Runs in the Family?
It’s NOT all in our genes. Madalas nating gawing excuse ang phrase “Nasa lahi kasi namin” when we talk about hypertension (a.k.a. high blood), diabetes, allergies or asthma, cancer etc. and other conditions that “run” in our family. We assume that we can’t really do anything about the genes we were born with. You’re either swerte/lucky or malas/unlucky to get whatever genes you’re born with. But, NO! Genes aren’t the only things passed down in families. Lifestyles get passed down, too. If your Lolo and Lola had diabetes, and your mom or dad has diabetes, it might very well be because they loved to eat leche flan, biko, and halo-halo for dessert all the time. And if you have the same sweet tooth, then chances are you’ll eventually end up with diabetes as well.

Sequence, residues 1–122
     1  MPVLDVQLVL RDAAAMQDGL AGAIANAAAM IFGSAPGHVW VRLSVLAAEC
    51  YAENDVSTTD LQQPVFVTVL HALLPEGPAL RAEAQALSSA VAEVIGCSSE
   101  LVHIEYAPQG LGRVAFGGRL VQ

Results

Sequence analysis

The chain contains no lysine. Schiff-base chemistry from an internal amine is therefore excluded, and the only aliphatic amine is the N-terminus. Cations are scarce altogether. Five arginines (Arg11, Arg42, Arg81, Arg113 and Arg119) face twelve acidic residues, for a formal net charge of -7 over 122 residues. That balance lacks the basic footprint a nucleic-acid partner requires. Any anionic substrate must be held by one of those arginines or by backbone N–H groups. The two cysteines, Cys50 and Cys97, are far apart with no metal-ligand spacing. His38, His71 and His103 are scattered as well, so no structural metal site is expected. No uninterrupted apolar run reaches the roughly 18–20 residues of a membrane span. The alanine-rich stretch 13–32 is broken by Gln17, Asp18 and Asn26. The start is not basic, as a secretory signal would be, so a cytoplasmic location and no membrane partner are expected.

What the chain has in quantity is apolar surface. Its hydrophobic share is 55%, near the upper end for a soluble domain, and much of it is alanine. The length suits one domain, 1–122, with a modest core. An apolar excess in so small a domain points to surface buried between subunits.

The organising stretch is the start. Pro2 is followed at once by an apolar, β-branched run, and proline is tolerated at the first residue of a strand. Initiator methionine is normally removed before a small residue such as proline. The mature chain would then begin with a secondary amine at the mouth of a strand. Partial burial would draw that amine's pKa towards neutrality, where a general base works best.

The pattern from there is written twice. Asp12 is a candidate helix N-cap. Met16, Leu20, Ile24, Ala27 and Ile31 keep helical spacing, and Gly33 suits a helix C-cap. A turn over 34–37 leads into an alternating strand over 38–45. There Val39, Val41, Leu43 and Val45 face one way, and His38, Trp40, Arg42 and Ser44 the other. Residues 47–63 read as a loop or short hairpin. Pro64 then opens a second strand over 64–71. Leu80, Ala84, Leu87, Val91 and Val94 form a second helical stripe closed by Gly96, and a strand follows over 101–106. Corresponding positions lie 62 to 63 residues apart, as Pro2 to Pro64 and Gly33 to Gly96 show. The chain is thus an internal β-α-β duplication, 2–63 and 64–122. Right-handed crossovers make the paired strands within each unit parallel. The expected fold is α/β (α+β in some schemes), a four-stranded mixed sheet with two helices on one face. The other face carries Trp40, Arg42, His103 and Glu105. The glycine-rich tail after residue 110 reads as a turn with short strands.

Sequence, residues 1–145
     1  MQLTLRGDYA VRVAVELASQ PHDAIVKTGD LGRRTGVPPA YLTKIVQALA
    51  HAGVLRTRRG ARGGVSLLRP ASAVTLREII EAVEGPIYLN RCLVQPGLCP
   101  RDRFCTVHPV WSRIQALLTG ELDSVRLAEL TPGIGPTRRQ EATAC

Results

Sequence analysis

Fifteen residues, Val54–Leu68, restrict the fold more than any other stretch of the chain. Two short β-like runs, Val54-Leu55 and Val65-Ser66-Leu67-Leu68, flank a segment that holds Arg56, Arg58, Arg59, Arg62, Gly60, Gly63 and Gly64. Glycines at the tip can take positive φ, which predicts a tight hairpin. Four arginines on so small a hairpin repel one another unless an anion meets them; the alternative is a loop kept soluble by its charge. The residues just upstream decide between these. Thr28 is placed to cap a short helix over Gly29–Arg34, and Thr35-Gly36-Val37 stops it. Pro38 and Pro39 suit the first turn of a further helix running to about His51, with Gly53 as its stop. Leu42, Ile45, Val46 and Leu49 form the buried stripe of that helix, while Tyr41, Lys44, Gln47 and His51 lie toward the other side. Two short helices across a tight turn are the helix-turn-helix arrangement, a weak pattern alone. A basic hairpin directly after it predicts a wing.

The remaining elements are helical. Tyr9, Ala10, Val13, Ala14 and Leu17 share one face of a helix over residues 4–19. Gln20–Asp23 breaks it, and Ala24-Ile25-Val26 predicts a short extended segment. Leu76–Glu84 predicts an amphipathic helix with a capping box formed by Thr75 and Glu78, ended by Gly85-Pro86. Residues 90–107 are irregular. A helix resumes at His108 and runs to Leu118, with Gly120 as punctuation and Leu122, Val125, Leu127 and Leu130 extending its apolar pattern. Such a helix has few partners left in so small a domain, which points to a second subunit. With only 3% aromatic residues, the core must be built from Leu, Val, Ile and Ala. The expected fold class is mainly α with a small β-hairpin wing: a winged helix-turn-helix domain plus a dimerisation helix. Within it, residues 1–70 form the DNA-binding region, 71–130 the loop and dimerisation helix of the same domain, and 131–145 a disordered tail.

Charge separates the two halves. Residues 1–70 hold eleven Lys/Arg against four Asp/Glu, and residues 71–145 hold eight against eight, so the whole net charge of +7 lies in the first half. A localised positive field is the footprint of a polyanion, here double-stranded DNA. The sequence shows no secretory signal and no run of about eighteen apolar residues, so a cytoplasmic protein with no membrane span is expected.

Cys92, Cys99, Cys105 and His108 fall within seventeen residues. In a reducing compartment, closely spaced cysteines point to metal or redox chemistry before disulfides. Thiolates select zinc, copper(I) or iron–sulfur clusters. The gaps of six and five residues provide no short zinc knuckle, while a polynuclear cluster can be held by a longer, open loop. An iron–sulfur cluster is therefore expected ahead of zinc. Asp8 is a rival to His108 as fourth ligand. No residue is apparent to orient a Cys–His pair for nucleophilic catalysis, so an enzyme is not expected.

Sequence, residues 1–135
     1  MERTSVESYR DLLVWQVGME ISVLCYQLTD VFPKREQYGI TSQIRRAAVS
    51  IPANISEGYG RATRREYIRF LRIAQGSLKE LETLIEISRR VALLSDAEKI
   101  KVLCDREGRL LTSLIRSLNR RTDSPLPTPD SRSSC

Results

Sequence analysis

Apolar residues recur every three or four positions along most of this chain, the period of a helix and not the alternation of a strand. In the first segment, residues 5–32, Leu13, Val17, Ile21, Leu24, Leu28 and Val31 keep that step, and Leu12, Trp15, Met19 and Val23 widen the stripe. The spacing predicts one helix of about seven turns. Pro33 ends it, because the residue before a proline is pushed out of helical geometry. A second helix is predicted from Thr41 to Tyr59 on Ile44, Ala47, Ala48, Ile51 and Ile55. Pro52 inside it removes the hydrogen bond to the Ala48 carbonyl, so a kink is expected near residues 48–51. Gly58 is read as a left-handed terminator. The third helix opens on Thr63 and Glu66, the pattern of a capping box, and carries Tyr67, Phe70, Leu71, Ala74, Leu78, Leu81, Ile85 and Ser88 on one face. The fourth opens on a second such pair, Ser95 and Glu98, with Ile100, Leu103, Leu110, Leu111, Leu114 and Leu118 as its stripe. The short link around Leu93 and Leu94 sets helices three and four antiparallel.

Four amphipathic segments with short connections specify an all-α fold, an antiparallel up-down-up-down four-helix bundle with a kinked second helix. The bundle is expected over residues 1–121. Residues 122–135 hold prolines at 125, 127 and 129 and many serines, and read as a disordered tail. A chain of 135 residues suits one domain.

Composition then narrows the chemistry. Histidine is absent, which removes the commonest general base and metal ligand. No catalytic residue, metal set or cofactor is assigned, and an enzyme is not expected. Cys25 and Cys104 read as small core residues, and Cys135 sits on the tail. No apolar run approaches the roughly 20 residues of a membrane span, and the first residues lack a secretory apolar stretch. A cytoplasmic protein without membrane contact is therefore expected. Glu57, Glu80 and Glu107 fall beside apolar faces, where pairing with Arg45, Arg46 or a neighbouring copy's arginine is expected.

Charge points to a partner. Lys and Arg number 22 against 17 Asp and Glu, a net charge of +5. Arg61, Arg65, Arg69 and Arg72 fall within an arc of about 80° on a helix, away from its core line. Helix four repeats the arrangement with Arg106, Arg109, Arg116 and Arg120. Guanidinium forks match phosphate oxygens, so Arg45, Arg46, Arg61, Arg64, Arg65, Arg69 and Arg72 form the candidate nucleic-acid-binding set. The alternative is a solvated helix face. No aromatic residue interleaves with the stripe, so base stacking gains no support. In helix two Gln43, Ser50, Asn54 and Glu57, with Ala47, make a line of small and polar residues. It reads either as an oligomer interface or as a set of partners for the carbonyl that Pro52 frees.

Even if you really did get genes that were prone to developing a chronic condition, like diabetes, you can still do something to avoid it. My friend, who is a professional coach and triathlete, is a perfect example. I have no idea if he really does have genes that predispose him to get diabetes, but saying nasa lahi niya ang diabetes seems to be accurate: his mom died from complications of diabetes, his dad has complications now, and his two older sisters, who are much heavier (by which I really mean “fatter” in a nicer way) than him, are both diabetic, and one is already on insulin. Him? He’s lean and healthy, even if he has a big appetite and eats a lot. Whether or not he does have diabetes-prone genes, who cares? Doesn’t take a genius to make a connection between his physical activity and constant training for races and triathlons, and the fact that he is, unlike the rest of his family, not diabetic…right?